In a Sixless World…

For years I’ve been dreaming of a day when I could write HTML and CSS without the limitations of Internet Explorer 6. That dream became a reality on March 1st when I left my previous job at a web agency and started working with MailChimp. MailChimp phased out their support for IE6 over a year ago and has been enhancing their UI even further with a little CSS3 magic as well. While I love working with front-end code that represents the future of the web, I’m discovering just as much joy in what really should be the present.

With IE9 looming over the horizon, it’s finally time to think about the great advantages to having IE7 as our new lowest common denominator. It really will change the way you work. Here’s just a few things that become possible:

  • Warmly embrace 24-bit PNG transparency. You’ll still be able to get smaller file-sizes out of 8-bit PNGs, but you won’t have to use any shady hacks to get rid of that telltale gray background.
  • Stop adding “book end” classes to the first or last item in a list to give it a different set of styles. Instead you can use the :first-child or :last-child psuedo-class. Nathan’s right, no :last-child support in IE7.
  • Forget about adding page slug classes for individually styled navigation items. With CSS2 attribute selectors, you can actually write styles for a[href="/about/"].
  • Reliably apply multiple classes to elements. A common example would be <p class="alert error">Error...</p> Honestly though, being able to finally use substring matching attribute selectors could sidestep the need for multiple classes altogether. Instead you could write a rule for p[class$="-alert"] that would apply to .error-alert, .success-alert, or even .rabid-antelope-alert.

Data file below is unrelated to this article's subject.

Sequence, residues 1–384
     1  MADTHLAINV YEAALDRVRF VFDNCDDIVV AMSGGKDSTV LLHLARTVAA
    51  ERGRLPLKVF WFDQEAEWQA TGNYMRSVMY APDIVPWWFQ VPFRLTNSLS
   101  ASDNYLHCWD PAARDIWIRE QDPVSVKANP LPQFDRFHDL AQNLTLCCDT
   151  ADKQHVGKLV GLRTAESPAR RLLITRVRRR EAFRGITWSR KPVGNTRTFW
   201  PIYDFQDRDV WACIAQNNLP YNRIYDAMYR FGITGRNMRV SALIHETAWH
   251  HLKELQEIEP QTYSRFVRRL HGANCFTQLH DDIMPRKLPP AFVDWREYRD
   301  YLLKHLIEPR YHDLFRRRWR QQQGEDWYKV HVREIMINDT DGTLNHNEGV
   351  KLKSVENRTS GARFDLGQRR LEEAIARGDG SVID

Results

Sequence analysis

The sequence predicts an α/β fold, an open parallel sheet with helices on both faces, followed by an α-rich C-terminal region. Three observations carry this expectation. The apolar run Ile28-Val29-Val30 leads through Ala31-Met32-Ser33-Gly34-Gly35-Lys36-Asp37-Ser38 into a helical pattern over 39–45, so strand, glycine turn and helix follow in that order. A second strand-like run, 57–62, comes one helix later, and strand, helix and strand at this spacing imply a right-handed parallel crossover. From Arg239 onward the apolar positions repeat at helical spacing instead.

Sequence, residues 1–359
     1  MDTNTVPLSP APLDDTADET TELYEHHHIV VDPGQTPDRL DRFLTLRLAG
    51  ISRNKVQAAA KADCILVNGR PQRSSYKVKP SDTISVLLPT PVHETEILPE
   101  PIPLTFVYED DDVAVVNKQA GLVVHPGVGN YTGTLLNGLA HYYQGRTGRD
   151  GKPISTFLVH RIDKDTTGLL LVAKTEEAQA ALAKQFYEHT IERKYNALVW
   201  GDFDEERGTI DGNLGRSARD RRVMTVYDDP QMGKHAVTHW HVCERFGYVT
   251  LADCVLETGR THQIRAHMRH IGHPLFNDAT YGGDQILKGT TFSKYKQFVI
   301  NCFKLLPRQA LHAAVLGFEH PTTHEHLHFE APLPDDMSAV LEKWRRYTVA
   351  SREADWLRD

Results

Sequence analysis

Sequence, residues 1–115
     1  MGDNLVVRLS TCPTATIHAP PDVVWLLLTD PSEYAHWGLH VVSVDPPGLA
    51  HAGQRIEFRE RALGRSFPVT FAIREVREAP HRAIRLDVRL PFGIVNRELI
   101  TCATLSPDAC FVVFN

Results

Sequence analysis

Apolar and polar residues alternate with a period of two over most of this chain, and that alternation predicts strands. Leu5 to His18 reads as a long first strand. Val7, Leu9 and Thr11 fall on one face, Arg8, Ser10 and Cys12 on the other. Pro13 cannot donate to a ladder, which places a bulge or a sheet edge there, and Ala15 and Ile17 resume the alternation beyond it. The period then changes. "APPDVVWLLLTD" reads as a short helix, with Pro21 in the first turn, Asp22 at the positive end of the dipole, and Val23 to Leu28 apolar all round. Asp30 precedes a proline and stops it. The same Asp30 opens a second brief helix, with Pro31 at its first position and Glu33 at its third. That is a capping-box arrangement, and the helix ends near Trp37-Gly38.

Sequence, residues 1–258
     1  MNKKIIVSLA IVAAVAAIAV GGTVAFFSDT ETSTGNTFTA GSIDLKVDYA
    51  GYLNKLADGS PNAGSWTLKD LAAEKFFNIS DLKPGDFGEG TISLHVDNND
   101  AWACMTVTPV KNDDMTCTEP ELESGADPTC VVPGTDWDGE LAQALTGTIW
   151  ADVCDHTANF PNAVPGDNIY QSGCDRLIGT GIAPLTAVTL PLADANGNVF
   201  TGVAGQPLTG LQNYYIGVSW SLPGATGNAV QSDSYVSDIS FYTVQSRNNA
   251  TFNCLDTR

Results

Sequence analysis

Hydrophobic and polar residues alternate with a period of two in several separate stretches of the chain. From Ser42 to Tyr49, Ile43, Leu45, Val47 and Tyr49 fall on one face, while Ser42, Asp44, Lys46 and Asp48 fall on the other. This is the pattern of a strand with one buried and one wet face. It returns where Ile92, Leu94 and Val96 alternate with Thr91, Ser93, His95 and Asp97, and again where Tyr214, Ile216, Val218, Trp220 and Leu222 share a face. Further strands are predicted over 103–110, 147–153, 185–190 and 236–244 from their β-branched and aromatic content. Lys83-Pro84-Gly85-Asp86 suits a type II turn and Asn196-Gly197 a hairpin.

• Eliminate the use of JavaScript for simple fly-out navigations. Now that the :hover psuedo-class works on non-link elements, you can show or hide sub-navigation when the parent list-item is hovered.
  • Finally say goodbye to @ded‘s Min-Height Fast Hack now that min-height works across the board. This also means you can use max-height, min-width and max-width too.

Hold Tight!

While I was working at an agency that still supported IE6, it was hard not to envy those web workers who did not have to design for it. For those of you who have clients that still hold dear to this undead browser from 2001, it’s time is very, very near. There are a growing number of major sites and applications that no longer support IE6. What I’m most excited about though, is that fact that Google has joined the movement. They began phasing out their IE6 support (starting with Docs and Sites) this month, started warning YouTube users that their browser is no longer supported, and will allegedly stop supporting IE6 in GMail “later this year“. With that kind of pressure, it won’t be long before even the slowest IT departments start allowing their users to upgrade or switch browsers.

So, what changes are you most excited about once IE6 is no more?

4 Comments

  1. Actually, IE7 only supports :first-child, but not :last-child. Lame, I know.

  2. When Microsoft finally announces the end of support for IE6 I will finally be able to stop testing for it. I still can’t believe how many hits our corporate site receives from IE6.

    Our intranet on the other hand, can stop supporting IE 6 and maybe 7 soon as our new image does not have an IE 7 option.

  3. Now, if we could only get some government stimulus funding to upgrade all those legacy .asp apps that only run on IE6. Wait, did I say upgrade? I mean, um, throw away.

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